The Courage To Fight Prostate Cancer

Posted on Aug 24, 2018

In 2014, Federico Sevilla was diagnosed with prostate cancer, confirming his and his family’s worst fear.


“I noticed that my urination had become erratic. I was trying to empty my bladder but I couldn’t.”


Before the unfortunate news, Federico had undergone a biopsy, as suggested by his doctor Dennis P. Serrano of St. Luke’s–Global City. Fortunately, it was still in the early stages when discovered.


“If diagnosed early, prostate cancer can be cured. Localized prostate cancer, or one that has not gone beyond the gland itself, can be cured by surgery,” says Dr. Serrano.


Prostate cancer is the fourth most common type of cancer, and the fourth most fatal malignancy among Filipino males.


According to statistics, around 14% of men will be diagnosed with prostate cancer at some point in their lives, with those aged 55 and older as the most susceptible.


Beating the odds

At 66, though, Federico might be too old to go under the knife, but he was no stranger to challenging situations. His resume includes four years of service as a firefighter in Manila and a decades-long career as an overseas Filipino worker (OFW) in the Middle East.


His first stint as an OFW in Jubail, Saudi Arabia, where he was a safety engineer for a construction project, was no less than traumatic. For five consecutive months, he didn’t get a single paycheck. “The company was in shambles,” he says.


But tough as a firefighter that he used to be, Federico weathered the blaze, moved on, and ascended the ranks to quality control engineer. He worked at McDermott International’s Dubai facility for more than 20 years.


Federico’s eldest daughter, Norina, has somewhat followed in his footsteps. She works as a head nurse in Hamad Medical Corporation in Qatar following a 12-year stint in both St. Luke’s–Quezon City and Global City.


Similarly, his youngest daughter Nenita, who worked as a medical technologist in St. Luke’s–Global City for 4 years, has gone abroad, and is now a medical technologist in Singapore.


Meanwhile, daughter Nadia is the department manager for purchasing in St. Luke’s–Global City.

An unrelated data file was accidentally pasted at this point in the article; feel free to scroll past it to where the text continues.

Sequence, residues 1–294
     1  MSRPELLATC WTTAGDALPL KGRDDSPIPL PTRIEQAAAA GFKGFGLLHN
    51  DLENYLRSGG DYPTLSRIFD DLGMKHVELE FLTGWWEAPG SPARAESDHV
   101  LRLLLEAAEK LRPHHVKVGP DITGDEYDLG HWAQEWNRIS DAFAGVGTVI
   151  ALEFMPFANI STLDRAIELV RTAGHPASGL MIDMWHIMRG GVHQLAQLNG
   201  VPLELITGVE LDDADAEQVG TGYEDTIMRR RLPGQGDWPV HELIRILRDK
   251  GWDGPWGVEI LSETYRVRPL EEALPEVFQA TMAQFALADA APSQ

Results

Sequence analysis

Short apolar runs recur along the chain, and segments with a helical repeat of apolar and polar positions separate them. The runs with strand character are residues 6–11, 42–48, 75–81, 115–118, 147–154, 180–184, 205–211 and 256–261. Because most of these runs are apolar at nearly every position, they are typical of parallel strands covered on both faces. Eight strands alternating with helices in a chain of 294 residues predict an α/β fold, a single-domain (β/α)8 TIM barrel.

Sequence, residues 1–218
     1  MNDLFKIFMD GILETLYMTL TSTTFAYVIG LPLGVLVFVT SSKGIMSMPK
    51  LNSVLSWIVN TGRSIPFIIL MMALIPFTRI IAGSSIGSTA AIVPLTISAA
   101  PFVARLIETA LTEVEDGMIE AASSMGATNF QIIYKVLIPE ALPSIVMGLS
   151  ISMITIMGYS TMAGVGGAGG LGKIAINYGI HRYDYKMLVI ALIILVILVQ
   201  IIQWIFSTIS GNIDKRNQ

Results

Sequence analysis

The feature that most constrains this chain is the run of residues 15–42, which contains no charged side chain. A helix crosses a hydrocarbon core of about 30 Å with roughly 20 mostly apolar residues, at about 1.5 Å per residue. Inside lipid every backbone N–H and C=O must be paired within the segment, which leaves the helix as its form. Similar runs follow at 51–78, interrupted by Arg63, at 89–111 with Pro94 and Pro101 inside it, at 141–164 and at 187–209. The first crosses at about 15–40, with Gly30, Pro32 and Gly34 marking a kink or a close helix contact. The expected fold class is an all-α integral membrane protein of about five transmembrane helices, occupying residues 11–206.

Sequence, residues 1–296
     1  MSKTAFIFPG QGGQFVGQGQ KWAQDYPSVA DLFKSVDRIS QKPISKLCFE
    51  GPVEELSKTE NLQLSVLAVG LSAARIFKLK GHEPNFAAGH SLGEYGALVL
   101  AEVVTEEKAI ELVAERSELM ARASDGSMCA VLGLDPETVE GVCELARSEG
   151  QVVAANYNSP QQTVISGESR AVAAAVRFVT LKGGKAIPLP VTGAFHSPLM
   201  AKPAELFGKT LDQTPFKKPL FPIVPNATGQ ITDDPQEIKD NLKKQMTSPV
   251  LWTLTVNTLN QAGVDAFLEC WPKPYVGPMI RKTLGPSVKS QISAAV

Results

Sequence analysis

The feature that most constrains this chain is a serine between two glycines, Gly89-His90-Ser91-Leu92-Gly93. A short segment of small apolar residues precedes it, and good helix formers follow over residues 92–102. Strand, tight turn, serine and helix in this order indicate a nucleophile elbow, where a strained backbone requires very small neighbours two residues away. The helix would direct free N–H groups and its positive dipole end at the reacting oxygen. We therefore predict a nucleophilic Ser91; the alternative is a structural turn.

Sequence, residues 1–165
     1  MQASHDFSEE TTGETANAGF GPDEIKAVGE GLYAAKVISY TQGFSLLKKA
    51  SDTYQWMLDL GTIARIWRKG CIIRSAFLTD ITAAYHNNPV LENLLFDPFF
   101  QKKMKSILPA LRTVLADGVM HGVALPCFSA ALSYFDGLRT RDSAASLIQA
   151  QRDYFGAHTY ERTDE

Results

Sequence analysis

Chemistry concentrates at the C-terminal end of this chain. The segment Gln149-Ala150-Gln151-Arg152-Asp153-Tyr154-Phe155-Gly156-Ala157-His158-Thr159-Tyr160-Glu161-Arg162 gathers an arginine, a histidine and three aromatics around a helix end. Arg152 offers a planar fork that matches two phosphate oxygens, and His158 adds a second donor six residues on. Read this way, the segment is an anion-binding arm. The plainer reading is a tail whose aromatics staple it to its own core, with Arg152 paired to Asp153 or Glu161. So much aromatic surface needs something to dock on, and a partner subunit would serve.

“At first, it was hard to accept [his condition] since it was a serious disease. We were worried that he might not get back to normal anymore,” Nadia says.


Game-changing cure

Treating prostate cancer can now be done through robotics, using the third-generation da Vinci Si robotic surgical system. The world’s most advanced technology in surgery, the system boosts surgical precision while minimizing invasiveness.


Such advantages were proven by Dr. Serrano when he performed the operation with only small incisions on Federico’s abdomen, minimizing blood loss. The robot’s arms were docked on Federico’s abdomen and controlled by Dr. Serrano through a computer console a few feet away. The arms have mechanical wrists that can bend and rotate like human hands.


“It has a three-dimensional camera with 10 times magnification. With better vision, we can control bleeders accurately and there’s almost no blood while we are operating. We can suture, tie, and cut with precision. We can also better preserve the important nerves around the prostate,” Dr. Serrano explains.

Initially, Federico preferred the traditional procedure, which is cheaper but the duration of the operation and the period of recovery are longer than robotics’. In the end, he felt relieved for having chosen otherwise.


“I’m not feeling anything that I was feeling before I had the [prostatectomy]. I’ve felt no pain [since the operation],” he remarks.


Now 68, Federico routinely drives his grandson Deric to school. He began doing it in only a week after the operation two years ago.


“I’ve had experiences in other hospitals, but the standard [in St. Luke’s] is really high. Even before the operation, I was confident with Dr. Serrano. I really felt positive that I would be back to normal,” he concludes.